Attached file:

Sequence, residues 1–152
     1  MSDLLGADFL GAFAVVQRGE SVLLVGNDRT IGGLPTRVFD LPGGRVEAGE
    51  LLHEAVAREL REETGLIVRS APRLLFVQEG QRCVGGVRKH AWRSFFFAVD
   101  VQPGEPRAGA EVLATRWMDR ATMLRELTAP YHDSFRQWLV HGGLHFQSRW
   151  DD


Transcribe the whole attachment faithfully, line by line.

Sequence, residues 1–152
     1  MSDLLGADFL GAFAVVQRGE SVLLVGNDRT IGGLPTRVFD LPGGRVEAGE
    51  LLHEAVAREL REETGLIVRS APRLLFVQEG QRCVGGVRKH AWRSFFFAVD
   101  VQPGEPRAGA EVLATRWMDR ATMLRELTAP YHDSFRQWLV HGGLHFQSRW
   151  DD